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Quaternary Glaciation
The Quaternary glaciation, also known as the Pleistocene glaciation, is an alternating series of glacial and interglacial periods during the Quaternary period that began 2.58 Ma (million years ago), and is ongoing.[1][2][3] Although geologists describe the entire time period as an "ice age", in popular culture the term "ice age" is usually associated with just the most recent glacial period during the Pleistocene.[4] Since planet Earth still has ice sheets, geologists consider the Quaternary glaciation to be ongoing, with the Earth now experiencing an interglacial period. During the Quaternary glaciation, ice sheets appeared. During glacial periods they expanded, and during interglacial periods they contracted. Since the end of the last glacial period, the only surviving ice sheets are the Antarctic and Greenland ice sheets
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Vostok Station

Vostok Station (Russian: ста́нция Восто́к, romanizedstántsiya Vostók, pronounced [ˈstant͡sɨjə vɐˈstok], meaning "Station Vostók") is a Russian research station in inland Princess Elizabeth Land, Antarctica. Founded by the Soviet Union in 1957, the station lies at the southern Pole of Cold, with the lowest reliably measured natural temperature on Earth of −89.2 °C (−128.6 °F; 184.0 K).[2] Research includes ice core drilling and magnetometry. Vostok (Russian for "east") was named after Vostok, the lead ship of the First Russian Antarctic Expedition captained by Fabian von Bellingshausen. The Bellingshausen Station was named after this captain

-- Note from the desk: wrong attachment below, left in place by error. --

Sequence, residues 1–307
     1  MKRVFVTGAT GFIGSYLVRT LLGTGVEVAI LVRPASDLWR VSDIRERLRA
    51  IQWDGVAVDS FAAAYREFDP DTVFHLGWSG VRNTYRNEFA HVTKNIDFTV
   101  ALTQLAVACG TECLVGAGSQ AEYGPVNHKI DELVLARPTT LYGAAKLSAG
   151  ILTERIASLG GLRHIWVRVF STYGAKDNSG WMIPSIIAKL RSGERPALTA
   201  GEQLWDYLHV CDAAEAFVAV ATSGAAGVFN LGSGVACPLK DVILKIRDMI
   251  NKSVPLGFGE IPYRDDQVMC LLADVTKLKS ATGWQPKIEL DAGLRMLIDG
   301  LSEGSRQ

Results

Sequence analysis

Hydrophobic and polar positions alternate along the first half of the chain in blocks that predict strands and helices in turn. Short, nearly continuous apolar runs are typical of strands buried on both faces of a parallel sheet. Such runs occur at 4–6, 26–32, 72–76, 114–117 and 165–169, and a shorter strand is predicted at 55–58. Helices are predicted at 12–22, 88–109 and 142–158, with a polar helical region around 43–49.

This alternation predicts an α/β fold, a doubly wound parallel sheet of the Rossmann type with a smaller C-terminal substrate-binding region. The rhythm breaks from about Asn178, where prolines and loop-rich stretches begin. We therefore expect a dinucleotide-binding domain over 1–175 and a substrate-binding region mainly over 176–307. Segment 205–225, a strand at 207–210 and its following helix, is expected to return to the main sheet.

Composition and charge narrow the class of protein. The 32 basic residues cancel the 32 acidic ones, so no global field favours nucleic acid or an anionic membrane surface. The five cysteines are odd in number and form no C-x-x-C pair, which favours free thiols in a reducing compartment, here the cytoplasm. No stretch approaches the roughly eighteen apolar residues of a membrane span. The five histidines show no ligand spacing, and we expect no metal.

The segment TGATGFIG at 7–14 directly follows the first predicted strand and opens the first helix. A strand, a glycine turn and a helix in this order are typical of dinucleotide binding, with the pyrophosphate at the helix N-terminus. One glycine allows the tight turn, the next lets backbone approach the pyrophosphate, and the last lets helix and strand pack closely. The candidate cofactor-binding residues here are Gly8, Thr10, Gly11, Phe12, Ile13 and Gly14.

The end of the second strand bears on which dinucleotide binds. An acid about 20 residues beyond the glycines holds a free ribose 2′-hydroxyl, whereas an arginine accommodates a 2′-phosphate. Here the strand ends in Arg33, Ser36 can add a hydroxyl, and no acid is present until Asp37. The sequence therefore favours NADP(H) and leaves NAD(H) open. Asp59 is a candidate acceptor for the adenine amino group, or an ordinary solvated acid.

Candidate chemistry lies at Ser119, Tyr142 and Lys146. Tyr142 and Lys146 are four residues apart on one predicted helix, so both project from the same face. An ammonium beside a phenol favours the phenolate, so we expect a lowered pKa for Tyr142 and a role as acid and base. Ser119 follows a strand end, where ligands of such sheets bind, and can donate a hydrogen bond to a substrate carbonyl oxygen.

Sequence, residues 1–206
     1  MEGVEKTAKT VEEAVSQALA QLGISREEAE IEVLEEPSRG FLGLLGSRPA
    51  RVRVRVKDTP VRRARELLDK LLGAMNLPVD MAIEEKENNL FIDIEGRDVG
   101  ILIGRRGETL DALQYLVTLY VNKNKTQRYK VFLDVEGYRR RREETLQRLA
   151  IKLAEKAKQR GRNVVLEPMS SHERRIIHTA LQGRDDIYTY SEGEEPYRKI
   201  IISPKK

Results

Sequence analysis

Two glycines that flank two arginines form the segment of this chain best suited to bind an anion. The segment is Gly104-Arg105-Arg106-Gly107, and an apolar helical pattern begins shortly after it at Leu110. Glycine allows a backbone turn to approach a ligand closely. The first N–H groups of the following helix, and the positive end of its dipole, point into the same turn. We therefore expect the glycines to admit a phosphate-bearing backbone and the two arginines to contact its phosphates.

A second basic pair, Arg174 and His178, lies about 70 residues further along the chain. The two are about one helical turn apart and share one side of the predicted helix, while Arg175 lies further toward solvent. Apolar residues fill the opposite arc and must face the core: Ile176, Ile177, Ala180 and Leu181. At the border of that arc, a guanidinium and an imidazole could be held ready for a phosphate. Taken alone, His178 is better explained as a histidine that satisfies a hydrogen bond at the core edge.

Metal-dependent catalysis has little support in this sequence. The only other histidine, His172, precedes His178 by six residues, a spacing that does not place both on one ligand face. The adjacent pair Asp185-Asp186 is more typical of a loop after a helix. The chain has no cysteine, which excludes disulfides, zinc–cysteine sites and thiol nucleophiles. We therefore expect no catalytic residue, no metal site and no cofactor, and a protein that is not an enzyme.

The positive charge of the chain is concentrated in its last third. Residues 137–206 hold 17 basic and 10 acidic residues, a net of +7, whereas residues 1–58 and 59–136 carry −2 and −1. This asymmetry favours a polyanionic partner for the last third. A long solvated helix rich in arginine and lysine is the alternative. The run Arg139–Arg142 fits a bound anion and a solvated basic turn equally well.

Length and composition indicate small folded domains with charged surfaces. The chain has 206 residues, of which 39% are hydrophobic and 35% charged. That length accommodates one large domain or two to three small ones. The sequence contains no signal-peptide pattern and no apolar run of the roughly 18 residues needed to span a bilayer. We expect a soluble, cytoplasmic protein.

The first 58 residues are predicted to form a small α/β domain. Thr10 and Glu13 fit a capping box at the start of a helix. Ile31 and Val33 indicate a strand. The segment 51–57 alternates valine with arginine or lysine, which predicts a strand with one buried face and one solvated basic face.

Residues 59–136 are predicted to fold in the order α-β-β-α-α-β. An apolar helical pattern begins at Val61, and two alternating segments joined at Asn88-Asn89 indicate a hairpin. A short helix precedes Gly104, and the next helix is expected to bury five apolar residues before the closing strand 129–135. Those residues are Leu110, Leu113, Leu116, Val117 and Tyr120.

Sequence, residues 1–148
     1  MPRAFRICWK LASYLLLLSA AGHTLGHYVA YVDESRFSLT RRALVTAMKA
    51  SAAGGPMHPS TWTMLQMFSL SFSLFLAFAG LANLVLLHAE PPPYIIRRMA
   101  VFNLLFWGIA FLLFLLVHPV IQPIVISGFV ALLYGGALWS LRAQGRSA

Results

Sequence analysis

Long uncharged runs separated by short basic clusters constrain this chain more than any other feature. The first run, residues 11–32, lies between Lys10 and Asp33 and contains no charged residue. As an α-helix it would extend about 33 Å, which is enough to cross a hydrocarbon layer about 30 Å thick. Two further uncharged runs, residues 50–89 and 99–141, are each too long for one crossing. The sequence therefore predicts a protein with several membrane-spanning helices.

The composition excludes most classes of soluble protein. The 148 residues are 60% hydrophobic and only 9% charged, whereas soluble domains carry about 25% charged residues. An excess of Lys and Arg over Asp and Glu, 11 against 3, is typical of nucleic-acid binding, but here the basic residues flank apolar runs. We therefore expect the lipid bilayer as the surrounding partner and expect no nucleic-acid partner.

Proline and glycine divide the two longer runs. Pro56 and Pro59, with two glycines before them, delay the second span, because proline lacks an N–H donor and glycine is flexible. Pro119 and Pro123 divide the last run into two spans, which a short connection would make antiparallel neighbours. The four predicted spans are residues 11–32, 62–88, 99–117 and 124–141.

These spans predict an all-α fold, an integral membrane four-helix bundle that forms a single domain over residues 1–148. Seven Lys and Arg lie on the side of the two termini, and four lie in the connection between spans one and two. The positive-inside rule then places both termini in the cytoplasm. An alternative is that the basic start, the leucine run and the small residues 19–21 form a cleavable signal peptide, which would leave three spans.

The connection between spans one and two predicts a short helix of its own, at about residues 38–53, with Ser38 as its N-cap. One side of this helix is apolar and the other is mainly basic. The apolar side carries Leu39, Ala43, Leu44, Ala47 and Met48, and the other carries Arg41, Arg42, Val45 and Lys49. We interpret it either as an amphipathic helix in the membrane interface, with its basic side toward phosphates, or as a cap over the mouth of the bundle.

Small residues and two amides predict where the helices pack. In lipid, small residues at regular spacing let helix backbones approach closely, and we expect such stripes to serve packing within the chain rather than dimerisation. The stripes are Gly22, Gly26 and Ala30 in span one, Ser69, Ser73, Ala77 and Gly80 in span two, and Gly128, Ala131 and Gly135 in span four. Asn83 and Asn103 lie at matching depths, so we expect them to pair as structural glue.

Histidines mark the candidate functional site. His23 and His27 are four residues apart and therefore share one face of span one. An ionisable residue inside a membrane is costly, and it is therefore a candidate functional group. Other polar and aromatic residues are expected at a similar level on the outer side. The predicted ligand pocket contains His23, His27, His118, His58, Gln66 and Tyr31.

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Drumlin
A drumlin, from the Irish word droimnín ("littlest ridge"), first recorded in 1833, in the classical sense is an elongated hill in the shape of an inverted spoon or half-buried egg[1] formed by glacial ice acting on underlying unconsolidated till or ground moraine. Clusters of drumlins create a landscape which is often described as having a 'basket of eggs topography'.[2] Drumlins occur in various shapes and sizes,[3] including symmetrical (about the long axis), spindle, parabolic forms, and transverse asymmetrical forms; their long axis is parallel to the direction of movement of the formative flow at the time of formation.[4] Drumlins are typically 1 to 2 km (0.6–1.2 mi) long, less than 50 m (160 ft) high and between 300 to 600 metres (1,000–2,000 ft) wide. Drumlins generally have a length:width ratio of between 1:2 and 1:3.5,[
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Ice Sheet
An ice sheet, also known as a continental glacier,[1] is a mass of glacial ice that covers surrounding terrain and is greater than 50,000 km2 (19,000 sq mi).[2] The only current ice sheets are in Antarctica and Greenland; during the last glacial period at Last Glacial Maximum (LGM) the Laurentide Ice Sheet covered much of North America, the Weichselian ice sheet covered northern Europe and the Patagonian Ice Sheet covered southern South America. Ice sheets are bigger than ice shelves or alpine glaciers. Masses of ice covering less than 50,000 km2 are termed an ice cap
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Andean-Saharan
The Andean-Saharan glaciation occurred during the Paleozoic from 450 Ma to 420 Ma, during the late Ordovician and the Silurian period. For the Ordovician/Saharan part, see the more extensive article on the Late Ordovician glaciation. According to Eyles and Young, "A major glacial episode at c. 440 Ma, is recorded in Late Ordovician strata (predominantly Ashgillian) in West Africa (Tamadjert Formation of the Sahara), in Morocco (Tindouf Basin) and in west-central Saudi Arabia, all areas at polar latitudes at the time
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